Many firsts for the NFL will positively affect young women’s sports

Super Bowl referee Sarah Thomas and many other women with the NFL are making a scene in women’s sports, encouraging the lives of female athletes all across the country

Rachel Miller, Staff Reporter

Women all over the country have been making themselves heard in the name of equality, but the visibility of women in the sports industry has had a much slower progression. According to the University of Minnesota, around 40% of sports include women, but only 4% of these women are seen in the media today.

In other words, the broadcast of female athletes is not as “broad” as it should be. 

Sarah Thomas was the first woman in history to referee the NFL’s Super Bowl this year, forcing the media’s eyes to look her way. 

This year was not the only first for Thomas. In 2015, an NFL issue of Sports Illustrated revealed that Thomas became the first woman to become a full-time official for the NFL.

Thomas’ actions have not gone unnoticed by young female athletes, including Hannah Corus. Corus, a sophomore majoring in international studies and political science, is an IU Southeast women’s basketball player.

Corus said this year was the first time she had ever watched the Super Bowl from start to finish. She felt immense pride watching Thomas as referee. 

“It definitely makes me hopeful to see that women are getting these opportunities that they’ve been robbed of,” she said. “It’s been overdue.”

Jennifer King is another example of a woman leading the change for female athletes. Sports Illustrated said King became the first woman of color to work with the NFL as a full-time assistant coach for the Washington Football Team this year.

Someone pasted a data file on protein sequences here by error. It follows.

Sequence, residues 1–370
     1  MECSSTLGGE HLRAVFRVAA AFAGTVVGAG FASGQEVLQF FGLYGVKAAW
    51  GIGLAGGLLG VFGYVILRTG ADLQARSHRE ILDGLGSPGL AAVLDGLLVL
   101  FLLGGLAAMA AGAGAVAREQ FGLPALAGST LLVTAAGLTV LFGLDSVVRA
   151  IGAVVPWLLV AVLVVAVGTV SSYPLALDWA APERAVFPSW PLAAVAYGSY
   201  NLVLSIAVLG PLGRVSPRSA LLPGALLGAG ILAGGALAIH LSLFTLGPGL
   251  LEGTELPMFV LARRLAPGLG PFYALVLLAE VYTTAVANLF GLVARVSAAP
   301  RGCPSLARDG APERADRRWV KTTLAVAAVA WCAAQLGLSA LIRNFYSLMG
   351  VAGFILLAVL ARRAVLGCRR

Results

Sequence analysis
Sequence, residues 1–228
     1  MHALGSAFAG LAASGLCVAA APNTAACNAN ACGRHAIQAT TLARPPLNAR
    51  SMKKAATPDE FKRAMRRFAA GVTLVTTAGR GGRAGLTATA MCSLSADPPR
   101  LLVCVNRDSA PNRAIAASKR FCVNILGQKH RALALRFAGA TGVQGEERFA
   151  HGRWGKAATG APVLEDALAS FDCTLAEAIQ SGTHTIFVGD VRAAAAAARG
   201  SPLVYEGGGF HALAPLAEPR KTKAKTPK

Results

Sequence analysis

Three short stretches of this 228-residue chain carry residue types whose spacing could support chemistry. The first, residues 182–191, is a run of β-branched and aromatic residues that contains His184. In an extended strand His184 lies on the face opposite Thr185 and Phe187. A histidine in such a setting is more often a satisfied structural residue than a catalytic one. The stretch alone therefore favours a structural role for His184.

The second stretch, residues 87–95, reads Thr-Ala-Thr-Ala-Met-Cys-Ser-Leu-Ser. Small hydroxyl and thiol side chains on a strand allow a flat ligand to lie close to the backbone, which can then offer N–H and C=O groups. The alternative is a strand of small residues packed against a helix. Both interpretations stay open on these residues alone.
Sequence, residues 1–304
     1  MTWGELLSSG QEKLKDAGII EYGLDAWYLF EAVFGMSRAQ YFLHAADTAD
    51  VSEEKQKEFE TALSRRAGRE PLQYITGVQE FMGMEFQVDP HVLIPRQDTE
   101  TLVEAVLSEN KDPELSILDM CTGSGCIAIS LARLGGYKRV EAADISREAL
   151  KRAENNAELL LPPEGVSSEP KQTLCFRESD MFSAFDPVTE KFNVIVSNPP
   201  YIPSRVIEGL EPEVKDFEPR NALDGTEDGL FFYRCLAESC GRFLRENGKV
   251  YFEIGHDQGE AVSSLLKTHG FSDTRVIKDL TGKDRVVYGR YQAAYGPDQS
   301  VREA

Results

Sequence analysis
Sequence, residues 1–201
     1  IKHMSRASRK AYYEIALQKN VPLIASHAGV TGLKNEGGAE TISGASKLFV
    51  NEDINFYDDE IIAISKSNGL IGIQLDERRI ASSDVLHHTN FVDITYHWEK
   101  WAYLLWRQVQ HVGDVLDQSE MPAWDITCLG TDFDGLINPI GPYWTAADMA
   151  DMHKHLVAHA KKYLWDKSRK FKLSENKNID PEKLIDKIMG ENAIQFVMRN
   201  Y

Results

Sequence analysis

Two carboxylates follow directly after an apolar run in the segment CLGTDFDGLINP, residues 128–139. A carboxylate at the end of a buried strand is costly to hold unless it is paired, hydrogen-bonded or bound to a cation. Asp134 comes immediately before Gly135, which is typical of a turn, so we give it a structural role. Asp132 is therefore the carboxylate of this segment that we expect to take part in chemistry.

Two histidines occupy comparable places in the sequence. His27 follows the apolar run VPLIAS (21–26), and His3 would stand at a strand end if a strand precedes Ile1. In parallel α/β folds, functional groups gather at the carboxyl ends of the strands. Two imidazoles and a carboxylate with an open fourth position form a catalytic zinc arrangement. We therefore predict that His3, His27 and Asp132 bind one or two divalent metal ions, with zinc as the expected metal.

Thomas and King have become exceptional role models for the next generation of female athletes, which can make or break an athlete’s character.

According to the CNBC, five other women have taken coaching jobs with the NFL this year, which is the most women in history to work with the NFL at one time. 

Women are making a difference in sports history and it has not gone unnoticed. Many stories and features have been written by a variety of different media outlets around the country.

Most importantly, women like Thomas and King have caused inspiration to blossom in the hearts of young female athletes participating in all types of sports.

Corus, who participated in basketball during high school, has noticed a lot of change since starting basketball in college. She feels college women’s basketball has given her an opportunity to fight for herself. One such opportunity is debating for more playing time. 

While Corus loves giving 110% for herself and her teammates, Corus says it has been interesting growing up as a female athlete. 

“When people think about basketball, they think of men,” she said. 

Corus also shared her thoughts about the progress that has been made so far in women’s sports.

“I love the advancements that I’m seeing. We’re starting at a good place by celebrating women’s accomplishments just as much as men’s,” Corus said.

Overall, the progress made for women in the sports industry is a great thing. While the media displays the miraculous stories of courageous female athletes reaching for the stars, young women are being taught to strive for their own personal athletic goals.